Technically speaking, I'm aware of the fact that you can't dereference a void pointer.
I decided to play around with pointers (I've been out of practice for a while) and I noticed something odd when I viewed the output of the following program:
The lines of code that print the "address of i" and the "vPtr to i" yield the same address. Now the thing that got me thinking was even though vPtr is a void pointer and can't be dereferenced, it can still access the memory address that holds the value of i. Wouldn't that mean that there would be some way to derive the value stored at that address though the void pointer? I had asked someone else about this and they told me that you'd have to get the actual byte size and you could infer the value from that.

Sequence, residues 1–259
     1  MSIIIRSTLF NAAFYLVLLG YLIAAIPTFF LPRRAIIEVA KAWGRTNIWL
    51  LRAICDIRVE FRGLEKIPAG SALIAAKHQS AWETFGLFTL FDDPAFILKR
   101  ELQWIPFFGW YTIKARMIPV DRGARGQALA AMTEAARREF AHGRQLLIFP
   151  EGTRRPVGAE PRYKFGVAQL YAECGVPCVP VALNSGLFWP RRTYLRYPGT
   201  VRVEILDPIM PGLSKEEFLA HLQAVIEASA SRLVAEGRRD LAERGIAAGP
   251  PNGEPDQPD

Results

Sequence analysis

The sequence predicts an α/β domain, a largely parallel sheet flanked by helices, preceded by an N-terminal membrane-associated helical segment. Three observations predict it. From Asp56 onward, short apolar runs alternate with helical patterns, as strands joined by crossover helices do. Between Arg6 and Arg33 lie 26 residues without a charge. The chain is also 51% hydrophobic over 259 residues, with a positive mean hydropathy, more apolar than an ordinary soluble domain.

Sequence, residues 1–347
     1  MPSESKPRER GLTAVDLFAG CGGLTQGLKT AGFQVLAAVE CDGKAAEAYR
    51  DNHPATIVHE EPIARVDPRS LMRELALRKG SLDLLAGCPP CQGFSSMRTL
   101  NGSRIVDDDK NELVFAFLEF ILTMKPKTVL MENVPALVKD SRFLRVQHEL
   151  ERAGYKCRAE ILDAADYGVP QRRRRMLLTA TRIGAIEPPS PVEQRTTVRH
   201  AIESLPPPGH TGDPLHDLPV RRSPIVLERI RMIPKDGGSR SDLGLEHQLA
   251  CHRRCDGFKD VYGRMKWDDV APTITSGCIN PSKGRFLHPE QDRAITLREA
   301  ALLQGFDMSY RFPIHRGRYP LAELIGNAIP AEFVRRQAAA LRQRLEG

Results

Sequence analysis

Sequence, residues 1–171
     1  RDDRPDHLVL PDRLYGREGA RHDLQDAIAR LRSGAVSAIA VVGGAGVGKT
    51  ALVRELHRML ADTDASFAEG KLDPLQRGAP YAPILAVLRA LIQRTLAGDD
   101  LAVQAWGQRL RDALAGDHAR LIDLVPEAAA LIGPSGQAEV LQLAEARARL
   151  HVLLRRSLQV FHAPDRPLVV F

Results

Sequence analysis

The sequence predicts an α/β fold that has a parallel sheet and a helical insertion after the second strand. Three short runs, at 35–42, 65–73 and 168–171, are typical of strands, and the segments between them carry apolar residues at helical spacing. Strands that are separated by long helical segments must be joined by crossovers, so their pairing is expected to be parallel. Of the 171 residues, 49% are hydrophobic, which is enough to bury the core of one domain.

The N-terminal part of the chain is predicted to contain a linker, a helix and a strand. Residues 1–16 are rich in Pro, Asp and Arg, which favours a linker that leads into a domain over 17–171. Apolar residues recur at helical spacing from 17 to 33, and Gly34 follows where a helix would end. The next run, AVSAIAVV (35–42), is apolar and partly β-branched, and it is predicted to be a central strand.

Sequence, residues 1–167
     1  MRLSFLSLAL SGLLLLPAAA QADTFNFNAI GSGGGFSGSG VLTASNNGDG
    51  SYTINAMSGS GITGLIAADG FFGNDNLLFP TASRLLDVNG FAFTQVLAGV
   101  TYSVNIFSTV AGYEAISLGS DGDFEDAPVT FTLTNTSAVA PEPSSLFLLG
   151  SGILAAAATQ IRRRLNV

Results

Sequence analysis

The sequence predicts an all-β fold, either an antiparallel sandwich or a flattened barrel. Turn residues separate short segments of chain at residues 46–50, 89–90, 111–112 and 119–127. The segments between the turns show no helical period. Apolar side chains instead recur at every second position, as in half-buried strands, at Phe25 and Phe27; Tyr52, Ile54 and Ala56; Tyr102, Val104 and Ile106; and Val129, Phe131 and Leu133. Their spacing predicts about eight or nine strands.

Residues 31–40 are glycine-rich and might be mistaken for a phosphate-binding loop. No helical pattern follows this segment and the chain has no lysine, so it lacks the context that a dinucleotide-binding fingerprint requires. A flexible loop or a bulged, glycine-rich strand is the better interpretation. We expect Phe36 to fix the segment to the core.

using namespace std;
int main(int argc, char** argv)
int i = 10;
cout << "Address of i " << &i << endl;
void *vPtr = &i;
cout << "Address of vPtr " << &vPtr << endl;
cout << "vPtr to i " << vPtr << endl;